Alleged sample of the upcoming Intel Core i9-13900K processor sells on black market


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Why it matters: As we get closer to the official Raptor Lake reveal, some engineering samples are bound to find their way into the hands of prospective black market dwellers. An early version of the Core i9-13900K was reportedly sold this week, so it'll be interesting to see if this will spawn some new benchmarks of the yet-to-be-released 13th-gen flagship CPU.

Intel's first Raport Lake processors are expected to launch later this year, and they'll be the last to be made using the Intel 7 process node. From that perspective, there isn't much to expect in terms of performance improvements or new architectural features, and Team Blue was decidedly vague about this when it discussed its roadmap at an investor meeting earlier this year.

The rumor mill spilled a few benchmarks run using engineering samples of the upcoming Core i9-13900, and the results look promising for people who are aiming to skip Alder Lake. Multi-threaded performance on the Raptor Lake flagship may see a 20 percent boost over the Core i9-12900K when running at the same clocks, mostly thanks to some extra efficiency cores.

Some speculate the new 13th-gen processors will also have some thermal headroom for higher boost clocks on one or two cores, but it's too early to tell. However, we may soon have answers to that question and many others, as someone reportedly bought a Core i9-13900K engineering sample on the black market.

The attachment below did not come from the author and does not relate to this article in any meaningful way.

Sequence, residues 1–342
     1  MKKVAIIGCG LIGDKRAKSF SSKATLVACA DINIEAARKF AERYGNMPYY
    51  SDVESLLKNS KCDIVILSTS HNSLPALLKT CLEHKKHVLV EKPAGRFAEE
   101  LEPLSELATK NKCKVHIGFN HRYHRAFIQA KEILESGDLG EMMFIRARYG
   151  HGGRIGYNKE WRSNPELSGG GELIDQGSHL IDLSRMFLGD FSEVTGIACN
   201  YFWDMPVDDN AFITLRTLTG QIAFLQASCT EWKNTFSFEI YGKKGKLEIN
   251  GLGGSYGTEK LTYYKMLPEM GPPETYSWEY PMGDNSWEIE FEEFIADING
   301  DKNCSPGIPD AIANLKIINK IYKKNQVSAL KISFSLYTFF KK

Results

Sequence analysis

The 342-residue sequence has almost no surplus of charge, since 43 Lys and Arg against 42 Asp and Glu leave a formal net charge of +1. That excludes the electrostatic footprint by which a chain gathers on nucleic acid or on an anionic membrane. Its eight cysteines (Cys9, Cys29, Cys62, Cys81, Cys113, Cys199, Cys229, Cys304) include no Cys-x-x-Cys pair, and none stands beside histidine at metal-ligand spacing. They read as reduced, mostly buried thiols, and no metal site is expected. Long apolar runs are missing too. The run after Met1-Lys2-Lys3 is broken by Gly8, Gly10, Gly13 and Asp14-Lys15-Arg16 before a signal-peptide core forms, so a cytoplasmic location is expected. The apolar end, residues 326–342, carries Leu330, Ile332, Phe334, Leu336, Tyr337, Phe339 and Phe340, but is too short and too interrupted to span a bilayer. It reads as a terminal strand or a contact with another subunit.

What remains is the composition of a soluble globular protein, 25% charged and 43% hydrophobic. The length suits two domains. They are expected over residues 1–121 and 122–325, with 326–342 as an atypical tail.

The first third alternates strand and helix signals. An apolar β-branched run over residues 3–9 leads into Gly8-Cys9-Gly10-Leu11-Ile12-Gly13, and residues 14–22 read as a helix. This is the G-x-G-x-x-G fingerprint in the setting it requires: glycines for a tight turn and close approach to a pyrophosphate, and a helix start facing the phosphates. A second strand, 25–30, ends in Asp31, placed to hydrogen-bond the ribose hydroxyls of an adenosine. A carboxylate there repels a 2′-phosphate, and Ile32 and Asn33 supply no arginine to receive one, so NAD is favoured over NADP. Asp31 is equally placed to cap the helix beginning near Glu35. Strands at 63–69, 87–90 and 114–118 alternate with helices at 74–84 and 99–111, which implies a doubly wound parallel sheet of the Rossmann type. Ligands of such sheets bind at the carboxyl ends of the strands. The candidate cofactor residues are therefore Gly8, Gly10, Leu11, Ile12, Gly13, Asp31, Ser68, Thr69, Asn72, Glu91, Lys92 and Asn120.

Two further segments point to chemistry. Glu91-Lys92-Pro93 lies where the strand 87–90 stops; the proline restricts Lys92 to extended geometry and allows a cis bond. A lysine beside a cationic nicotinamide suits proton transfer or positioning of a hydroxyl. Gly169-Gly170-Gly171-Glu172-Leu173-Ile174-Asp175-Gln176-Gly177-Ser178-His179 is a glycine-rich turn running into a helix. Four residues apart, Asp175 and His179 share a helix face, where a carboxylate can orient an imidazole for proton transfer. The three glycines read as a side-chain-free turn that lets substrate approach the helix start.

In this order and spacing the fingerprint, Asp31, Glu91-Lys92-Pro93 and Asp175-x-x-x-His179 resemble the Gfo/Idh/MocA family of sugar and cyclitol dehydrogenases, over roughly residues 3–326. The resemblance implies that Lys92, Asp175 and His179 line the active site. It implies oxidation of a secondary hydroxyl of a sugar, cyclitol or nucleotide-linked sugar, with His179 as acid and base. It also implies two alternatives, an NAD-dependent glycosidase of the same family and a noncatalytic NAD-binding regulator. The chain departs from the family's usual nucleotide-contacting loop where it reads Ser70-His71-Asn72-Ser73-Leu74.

If this is the real deal — and there's a pretty high chance it isn't — the buyer may have managed to acquire an early engineering sample that is now obsolete. The listing does include a supposed screenshot of CPU-Z showing the part as having eight performance cores (Raptor Cove) and 16 efficiency cores (Gracemont), but the part where the important information is was obscured, so it's hard to tell if this is indeed a Raptor Lake CPU.

Interestingly, the sample was listed at 2850 yuan, or around $424. This is surprisingly low for an engineering sample sold months before the official launch. At the same time, the seller claims the CPU will work when installed on an Asus Z690 ROG Apex motherboard, and can also be overclocked.

Image credit: Jeremy Bezanger

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Avro Arrow

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Yeah, I really doubt that this is legit because all Intel would have to do is out-bid everyone else for it and from the numbers on it, they'd know who stole it in the first place. No amount of money that this CPU could fetch would be worth ending one's career over.